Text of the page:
President Barack Obama said Sunday that U.S. diplomacy - and not another war in the Middle East - allowed for a nuclear deal with Iran and the release of five Americans from that country.
“This is a good day because one again we are seeing what's possibly with strong American diplomacy,” Obama told reporters at the White House.
The freeing of the Americans and the certification of the nuclear deal, both Saturday, marks the beginning of a new era in U.S.-Iranian relations.
“I decided that a strong, confident America could advance our national security by engaging directly with the Iranian government.” he said.
Obama said the nuclear deal with Iran will prevent that country from making a bomb. He listed the steps that Iran has taken to dismantle its nuclear program. Inspectors also will remain vigilant to ensure Iran cannot rush to create a nuclear bomb, he said.
“Yesterday marked a milestone in preventing Iran from obtaining a nuclear weapon,” he said.
Several Americans, unjustly detained by Iran, will be coming home, Obama said. That includes Saeed Abedini, a pastor from Boise, Idaho whose jailing galvanized U.S. Christians, who was released after more than three years in an Iranian prison.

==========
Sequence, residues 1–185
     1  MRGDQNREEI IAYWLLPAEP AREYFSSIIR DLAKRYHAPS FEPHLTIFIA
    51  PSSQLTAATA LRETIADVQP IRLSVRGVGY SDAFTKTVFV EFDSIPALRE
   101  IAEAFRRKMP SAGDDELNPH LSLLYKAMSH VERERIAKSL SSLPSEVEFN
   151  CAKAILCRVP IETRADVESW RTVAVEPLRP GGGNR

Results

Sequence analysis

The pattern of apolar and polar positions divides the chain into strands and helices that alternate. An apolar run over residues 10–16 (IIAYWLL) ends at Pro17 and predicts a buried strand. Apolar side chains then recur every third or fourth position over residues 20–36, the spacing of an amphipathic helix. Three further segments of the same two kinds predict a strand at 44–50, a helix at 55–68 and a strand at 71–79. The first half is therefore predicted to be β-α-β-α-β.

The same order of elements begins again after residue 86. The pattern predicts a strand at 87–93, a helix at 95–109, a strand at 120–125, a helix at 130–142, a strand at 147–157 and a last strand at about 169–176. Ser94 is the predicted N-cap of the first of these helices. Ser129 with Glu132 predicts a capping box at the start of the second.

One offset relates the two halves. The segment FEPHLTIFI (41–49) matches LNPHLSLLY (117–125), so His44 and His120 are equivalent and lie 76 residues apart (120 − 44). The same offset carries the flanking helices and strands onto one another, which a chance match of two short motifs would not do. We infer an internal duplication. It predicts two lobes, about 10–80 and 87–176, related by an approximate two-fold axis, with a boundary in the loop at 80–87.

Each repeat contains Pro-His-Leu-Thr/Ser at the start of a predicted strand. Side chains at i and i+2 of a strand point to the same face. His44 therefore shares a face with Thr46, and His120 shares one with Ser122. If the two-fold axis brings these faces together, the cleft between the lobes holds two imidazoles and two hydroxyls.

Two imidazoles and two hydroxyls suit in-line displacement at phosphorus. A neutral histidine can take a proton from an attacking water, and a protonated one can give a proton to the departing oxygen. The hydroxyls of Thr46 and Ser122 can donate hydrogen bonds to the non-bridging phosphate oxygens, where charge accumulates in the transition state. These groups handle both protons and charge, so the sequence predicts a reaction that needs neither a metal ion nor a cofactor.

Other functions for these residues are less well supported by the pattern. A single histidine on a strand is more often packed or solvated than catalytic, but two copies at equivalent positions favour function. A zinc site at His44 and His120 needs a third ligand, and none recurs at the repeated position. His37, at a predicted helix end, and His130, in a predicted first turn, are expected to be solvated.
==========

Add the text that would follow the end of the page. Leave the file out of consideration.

The United States, in turn, released or granted clemency to seven Iranians were never charged with terrorism or any violent offenses, Obama said.
“From Presidents Franklin Roosevelt to John F. Kennedy to Ronald Reagan, the United States has never been afraid to pursue diplomacy with our adversaries” he said. “Engaging directly with the Iranian government on a sustained basis for the first time in decades has created a unique opportunity, a window.”